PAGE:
Crenshaw Women's Center | Los Angeles Conservancy
Historic-Cultural Monument (HCM) Application

Crenshaw Women's Center

Update: On February 2, 2022, the Los Angeles City Council voted in support of January 18, Planning and Land Use Management (PLUM) Committee amendments that changed the scope of this Historic-Cultural Monument (HCM) nomination for the Crenshaw Women's Center to a "site of" commemoration only, removing the historic building from the scope of the designation.

PLUM and the council office chose to accept the property owner's assessment that the building was not historic rather than accept the Cultural Heritage Commission (CHC) recommendation, the analysis provided by City Planning staff in the Office of Historic Resources, and findings presented with SurveyLA. 

The Conservancy spoke in opposition to this action as we believe such actions and amendments set a dangerous precedent for historic preservation in Los Angeles, by diminishing the value and role of culturally-significant historic places. This action represents a loss to a site representative of women's and LGBTQ+ heritage.

The Crenshaw Women’s Center was the first women’s center in Los Angeles and was a ground-breaking facility serving women in a variety of capacities. It housed the nation’s first women’s clinic, Women’s Self-Help One, and was the site of The Great Yogurt Conspiracy.

In three action-packed years, the Crenshaw Women’s Center generated an enormous amount of energy, pivotal change, and several firsts for the Women’s Rights Movement and second-wave feminism in Los Angeles and the nation. 

A Historic-Cultural Monument (HCM) application was prepared and submitted to the city of Los Angeles by Kate Eggert and Krisy Gosney.

From 1970-1972, the Crenshaw Women’s Center was the brick-and-mortar heart of the second wave feminist movement in Los Angeles.  It functioned as a safe space for nurturing the autonomy of women and organizing for the second wave of feminism and the Women’s Liberation Movement.  Founded by Joan Robins, The Crenshaw Women’s Center at its core provided psychological, job, abortion, and rape counseling; consciousness raising “rap” sessions; women’s liberation classes; a volunteer switchboard; and small bookstore.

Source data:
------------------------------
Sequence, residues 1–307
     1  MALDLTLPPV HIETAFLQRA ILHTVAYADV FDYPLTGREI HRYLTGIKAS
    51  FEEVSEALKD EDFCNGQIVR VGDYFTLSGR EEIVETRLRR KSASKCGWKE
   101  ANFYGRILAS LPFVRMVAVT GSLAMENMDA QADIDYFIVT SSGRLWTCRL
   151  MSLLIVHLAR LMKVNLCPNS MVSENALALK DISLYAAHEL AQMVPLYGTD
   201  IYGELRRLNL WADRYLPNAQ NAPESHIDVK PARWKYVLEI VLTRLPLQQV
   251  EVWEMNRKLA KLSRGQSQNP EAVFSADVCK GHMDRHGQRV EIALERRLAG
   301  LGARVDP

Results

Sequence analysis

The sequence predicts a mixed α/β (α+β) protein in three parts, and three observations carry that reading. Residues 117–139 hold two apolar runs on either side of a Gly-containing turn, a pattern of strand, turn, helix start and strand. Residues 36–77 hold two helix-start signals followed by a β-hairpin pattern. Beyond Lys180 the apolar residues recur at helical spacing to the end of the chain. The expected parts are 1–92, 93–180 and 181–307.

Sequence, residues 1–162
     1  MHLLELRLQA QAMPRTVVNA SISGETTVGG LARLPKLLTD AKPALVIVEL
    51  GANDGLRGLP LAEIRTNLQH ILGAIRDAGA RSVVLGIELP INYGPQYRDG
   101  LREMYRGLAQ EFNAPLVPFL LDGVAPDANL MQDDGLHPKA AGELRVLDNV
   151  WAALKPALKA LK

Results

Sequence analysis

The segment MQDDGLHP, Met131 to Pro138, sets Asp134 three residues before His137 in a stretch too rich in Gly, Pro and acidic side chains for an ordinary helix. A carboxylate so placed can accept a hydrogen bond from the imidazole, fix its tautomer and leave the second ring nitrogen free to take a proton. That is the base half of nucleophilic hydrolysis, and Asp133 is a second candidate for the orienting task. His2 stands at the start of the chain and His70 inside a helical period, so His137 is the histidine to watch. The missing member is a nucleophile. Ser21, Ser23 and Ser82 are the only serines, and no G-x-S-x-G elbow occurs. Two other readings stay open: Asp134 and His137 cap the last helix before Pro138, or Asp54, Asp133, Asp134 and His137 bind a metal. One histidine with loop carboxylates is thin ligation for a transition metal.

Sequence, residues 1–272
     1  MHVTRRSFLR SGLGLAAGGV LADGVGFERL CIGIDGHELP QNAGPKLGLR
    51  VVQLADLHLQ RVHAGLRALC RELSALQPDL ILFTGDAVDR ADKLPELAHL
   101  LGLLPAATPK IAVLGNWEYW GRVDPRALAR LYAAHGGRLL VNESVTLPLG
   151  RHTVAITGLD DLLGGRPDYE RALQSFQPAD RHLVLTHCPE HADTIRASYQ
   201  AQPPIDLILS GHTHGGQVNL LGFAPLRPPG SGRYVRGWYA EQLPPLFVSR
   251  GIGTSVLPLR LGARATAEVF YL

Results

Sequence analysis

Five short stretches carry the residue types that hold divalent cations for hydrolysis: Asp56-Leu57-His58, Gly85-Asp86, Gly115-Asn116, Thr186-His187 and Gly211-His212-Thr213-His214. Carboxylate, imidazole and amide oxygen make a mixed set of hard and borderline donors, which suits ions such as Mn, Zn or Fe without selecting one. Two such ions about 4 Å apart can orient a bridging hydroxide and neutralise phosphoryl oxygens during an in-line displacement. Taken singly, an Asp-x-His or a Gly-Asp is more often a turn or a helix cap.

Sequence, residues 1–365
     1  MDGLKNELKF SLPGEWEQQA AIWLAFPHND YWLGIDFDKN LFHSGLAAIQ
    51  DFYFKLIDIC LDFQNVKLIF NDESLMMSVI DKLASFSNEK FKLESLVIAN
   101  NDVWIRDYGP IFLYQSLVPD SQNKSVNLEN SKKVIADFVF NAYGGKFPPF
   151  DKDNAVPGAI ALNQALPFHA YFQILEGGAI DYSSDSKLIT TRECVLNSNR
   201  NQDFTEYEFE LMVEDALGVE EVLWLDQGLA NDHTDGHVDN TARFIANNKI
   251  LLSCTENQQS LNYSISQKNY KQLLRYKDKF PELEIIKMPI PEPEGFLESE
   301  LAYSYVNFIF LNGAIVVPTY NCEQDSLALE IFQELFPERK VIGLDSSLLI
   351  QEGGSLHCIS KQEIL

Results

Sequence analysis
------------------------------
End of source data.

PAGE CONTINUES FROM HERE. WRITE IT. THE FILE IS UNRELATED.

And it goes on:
The Lesbian Feminists operated out of the Crenshaw Women’s Center. They facilitated dialogue between straight and lesbian feminists. The act of straight and lesbian feminists working together was extremely profound at the time and it led to the National Organization for Woman changing their platform to include lesbians.

The Anti-Rape Squad was founded by Joan Robins at the Crenshaw Woman’s Center. They used guerilla activist tactics to change attitudes and law about rape.  A rape hotline was run out of the Center and women from the Anti-Rape Squad would accompany women to the police station.

Women’s Self-Help One clinic was the first in the nation and consequently placed the Crenshaw Women’s Center at the genesis point of the women’s self-help movement. Founded by Carol Downer and Lorraine Rothman, the clinic became a model for the national movement. In 1972, the Center was raided by police. Ms. Downer had applied yogurt as a cure for a yeast infection and was arrested for practicing medicine without a license.  She was acquitted and the platform and publicity of The Great Yogurt Conspiracy raised the consciousness of the nation and helped make woman’s clinics a national movement.

The Crenshaw Women’s Center is a significant and pioneering venue for lesbian education and empowerment, and as a rare example of institutional development associated with the LGBTQ+ community in Los Angeles. 

The Crenshaw Women's Center is currently threatened with demolition as part of a proposed redevelopment project at the site. 

Here’s what you can do now:

Contact Council District 10 where this building and proposed project is located. Email Chief of Staff Karly Katona at, and share your concern about their actions and decision to limit preservation of the Crenshaw Women's Center to a "site of" commemoration only.